By Basem M. William, MD, MRCP(UK), FACP

Donnall Thomas, MD, pioneered the first successful allogeneic bone marrow (BM) trans- plant, and reported on it in the New England Journal of Medicine in 1957, extending hope to many patients with incurable hematologic malignancies and BM failure. Before long, it became apparent that many patients succumbed to the dreaded complication of graft-versus-host disease (GVHD) after transplantation or from disease relapse. Much progress has already occurred in the field of transplantation with the introduction of reduced-intensity conditioning regimens, high-resolution HLA typing, improvement in supportive care, and the availability of more donors with increased safety of transplants performed from haploidentical and cord blood donors.

Transplantation for hemoglobinopathies has been fraught with unique challeng- es related to end-organ damage from iron disposition, vascular occlusion, chronic hemolysis, or extramedullary hematopoiesis leading to high treatment-related mortality.

The idea of using gene editing to treat disease or alter traits dates back to the 1950s and the discovery of the double-helix structure of DNA; however, the development of gene-editing technology for such therapy proved difficult. Much early progress focused not on correcting genetic mistakes in the DNA but rather on attempting to minimize their consequences by providing a functional copy of the mutated gene. A heightened level of concern almost brought all gene therapy trials to a halt after a retroviral vector that was used to transfer a gene for X-linked severe combined immune deficiency led to insertional mutagenesis and acute leukemia in five of 20 boys on a clinical trial in 2000. The development of CRISPR-Cas9 in 2012 revolutionized the field of gene therapy, allowing for precise cuts at site-specific double-stranded breaks in DNA. The birth of the CRISPR-edited twin babies in China — Lulu and Nana — made headlines in November 2018 amid calls for a tight regulatory measure to ascertain proper restraint of gene editing, particularly of germline cells.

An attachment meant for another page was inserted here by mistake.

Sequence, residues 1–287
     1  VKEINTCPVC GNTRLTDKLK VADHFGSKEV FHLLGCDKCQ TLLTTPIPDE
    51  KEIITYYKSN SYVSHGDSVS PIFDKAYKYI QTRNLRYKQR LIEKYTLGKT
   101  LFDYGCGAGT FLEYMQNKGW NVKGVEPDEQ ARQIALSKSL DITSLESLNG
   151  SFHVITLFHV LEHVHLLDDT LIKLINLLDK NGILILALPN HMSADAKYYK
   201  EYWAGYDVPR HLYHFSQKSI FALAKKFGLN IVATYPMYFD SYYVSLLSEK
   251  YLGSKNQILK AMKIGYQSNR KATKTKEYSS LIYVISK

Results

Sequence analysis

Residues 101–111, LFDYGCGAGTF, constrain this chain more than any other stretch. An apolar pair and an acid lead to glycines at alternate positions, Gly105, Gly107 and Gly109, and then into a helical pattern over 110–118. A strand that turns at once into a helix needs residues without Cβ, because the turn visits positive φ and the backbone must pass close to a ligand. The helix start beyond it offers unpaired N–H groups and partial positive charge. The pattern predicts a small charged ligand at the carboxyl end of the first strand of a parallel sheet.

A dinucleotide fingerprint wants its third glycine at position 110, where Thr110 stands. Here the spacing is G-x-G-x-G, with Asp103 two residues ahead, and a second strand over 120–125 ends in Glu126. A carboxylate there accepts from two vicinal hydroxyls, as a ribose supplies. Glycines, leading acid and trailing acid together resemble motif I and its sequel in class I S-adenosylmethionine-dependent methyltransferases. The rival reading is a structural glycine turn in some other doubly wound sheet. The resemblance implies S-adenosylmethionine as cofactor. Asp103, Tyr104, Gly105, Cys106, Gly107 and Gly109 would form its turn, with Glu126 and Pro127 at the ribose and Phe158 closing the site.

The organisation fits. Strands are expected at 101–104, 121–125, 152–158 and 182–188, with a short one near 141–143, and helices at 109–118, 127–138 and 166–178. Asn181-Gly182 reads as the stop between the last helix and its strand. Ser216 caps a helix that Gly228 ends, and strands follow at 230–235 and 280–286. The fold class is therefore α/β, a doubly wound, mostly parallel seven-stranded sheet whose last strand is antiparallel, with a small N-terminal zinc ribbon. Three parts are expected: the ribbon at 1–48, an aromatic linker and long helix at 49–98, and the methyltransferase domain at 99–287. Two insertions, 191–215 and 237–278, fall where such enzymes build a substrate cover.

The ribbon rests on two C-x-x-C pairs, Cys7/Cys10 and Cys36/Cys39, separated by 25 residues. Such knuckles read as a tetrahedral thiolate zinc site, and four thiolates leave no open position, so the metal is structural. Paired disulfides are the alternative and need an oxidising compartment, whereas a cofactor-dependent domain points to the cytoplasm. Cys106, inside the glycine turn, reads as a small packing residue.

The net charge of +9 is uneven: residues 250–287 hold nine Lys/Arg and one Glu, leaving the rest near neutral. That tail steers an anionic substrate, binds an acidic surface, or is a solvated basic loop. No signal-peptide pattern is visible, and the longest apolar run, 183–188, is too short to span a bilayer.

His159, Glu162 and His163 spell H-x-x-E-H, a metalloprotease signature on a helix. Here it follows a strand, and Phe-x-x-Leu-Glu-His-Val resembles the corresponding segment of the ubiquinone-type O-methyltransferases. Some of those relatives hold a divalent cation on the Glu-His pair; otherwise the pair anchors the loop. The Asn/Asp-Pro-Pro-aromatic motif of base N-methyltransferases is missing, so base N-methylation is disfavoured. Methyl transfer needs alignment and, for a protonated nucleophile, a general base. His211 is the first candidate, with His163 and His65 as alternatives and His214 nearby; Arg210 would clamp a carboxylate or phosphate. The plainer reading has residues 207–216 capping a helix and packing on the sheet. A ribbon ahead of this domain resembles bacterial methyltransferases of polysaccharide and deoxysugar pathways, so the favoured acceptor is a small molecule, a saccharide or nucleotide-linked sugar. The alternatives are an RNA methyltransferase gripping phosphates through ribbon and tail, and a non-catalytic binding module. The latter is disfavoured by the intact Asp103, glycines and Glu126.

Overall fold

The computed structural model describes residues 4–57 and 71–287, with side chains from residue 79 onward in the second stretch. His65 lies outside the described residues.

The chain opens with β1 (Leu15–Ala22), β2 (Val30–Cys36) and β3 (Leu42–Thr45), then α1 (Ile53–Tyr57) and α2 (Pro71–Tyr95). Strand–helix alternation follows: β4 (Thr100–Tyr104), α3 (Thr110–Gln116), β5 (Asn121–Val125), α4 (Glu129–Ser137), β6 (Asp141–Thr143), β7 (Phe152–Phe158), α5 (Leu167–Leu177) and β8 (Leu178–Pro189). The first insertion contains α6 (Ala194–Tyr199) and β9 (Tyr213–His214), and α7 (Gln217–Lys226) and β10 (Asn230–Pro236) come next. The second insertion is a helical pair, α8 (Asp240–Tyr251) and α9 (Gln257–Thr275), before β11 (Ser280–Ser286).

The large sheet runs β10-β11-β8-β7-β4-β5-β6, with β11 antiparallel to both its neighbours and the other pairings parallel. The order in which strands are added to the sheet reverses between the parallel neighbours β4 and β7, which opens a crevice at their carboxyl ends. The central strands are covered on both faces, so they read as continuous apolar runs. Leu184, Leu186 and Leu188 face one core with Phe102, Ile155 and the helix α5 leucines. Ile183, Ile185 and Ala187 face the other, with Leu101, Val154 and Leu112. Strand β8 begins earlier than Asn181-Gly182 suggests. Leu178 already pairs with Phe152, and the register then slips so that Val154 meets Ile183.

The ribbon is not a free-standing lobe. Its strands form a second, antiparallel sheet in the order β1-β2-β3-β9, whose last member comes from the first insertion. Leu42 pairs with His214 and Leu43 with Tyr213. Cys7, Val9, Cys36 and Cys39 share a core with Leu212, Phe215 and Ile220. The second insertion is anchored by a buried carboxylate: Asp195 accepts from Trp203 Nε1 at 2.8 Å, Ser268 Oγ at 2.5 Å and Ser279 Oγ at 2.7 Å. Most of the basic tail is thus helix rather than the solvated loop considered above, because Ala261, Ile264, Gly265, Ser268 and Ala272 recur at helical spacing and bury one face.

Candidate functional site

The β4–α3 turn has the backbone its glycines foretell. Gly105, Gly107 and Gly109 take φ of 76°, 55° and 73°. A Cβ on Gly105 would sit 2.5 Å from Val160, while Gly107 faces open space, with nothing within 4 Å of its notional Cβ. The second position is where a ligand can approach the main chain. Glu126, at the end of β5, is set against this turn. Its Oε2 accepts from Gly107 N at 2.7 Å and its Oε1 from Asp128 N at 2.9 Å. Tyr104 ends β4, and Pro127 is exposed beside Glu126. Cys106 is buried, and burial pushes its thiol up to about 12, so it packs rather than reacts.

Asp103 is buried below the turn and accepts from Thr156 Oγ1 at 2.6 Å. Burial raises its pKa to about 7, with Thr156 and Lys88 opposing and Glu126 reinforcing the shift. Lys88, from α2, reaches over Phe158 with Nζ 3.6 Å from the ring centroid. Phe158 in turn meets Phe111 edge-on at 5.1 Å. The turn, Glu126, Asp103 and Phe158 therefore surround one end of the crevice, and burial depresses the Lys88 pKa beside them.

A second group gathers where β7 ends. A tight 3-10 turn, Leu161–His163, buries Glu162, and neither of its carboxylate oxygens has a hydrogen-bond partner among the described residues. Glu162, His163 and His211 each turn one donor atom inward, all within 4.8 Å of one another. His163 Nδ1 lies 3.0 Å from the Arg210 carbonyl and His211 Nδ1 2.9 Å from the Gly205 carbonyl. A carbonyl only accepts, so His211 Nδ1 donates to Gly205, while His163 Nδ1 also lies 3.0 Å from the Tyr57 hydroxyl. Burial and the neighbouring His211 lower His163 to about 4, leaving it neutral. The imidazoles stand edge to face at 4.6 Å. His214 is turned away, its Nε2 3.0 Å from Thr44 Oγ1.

In an exciting Saturday morning session chaired by Alan M. Hanash, MD, PhD, and Catherine J. Wu, MD (offered again on Sunday at 7:30 a.m.), Feng Zhang, PhD, of the Massachusetts Institute of Technology, reviewed the fundamentals of CRISPR-mediated technologies and discussed how further exploration of microbial diversity can contribute to advancing the technology for the treatment of more diseases. Giuliana Ferrari, PhD, of San Raffaele Telethon Institute for Gene Therapy discussed experimental gene therapy for hemoglobinopathies based on transplantation of autologous hematopoietic stem cells (HSCs) that are genetically modified to express therapeutic hemoglobin levels. In a clinical trial in patients with β thalassemia, employing genetically modified autologous HSC using a lentivirus, “at one year of follow-up, the primary efficacy endpoint of transfusion reduction was achieved in eight of nine patients, and four patients were confirmed to achieve transfusion independence,” Dr. Ferrari said. Lastly, Wendell Lim, PhD, of University of California San Francisco, covered how to use gene editing technologies to engineer “smart” chimeric antigen receptor T cells that are conditionally activated upon recognizing multiple surface antigens on cancer cells to avoid killing bystander noncancer cells. With his clinical collaborators, Dr. Lim is exploring this technology in patients with glioblastoma.                                      

Dr. William indicated no relevant conflicts of interest.




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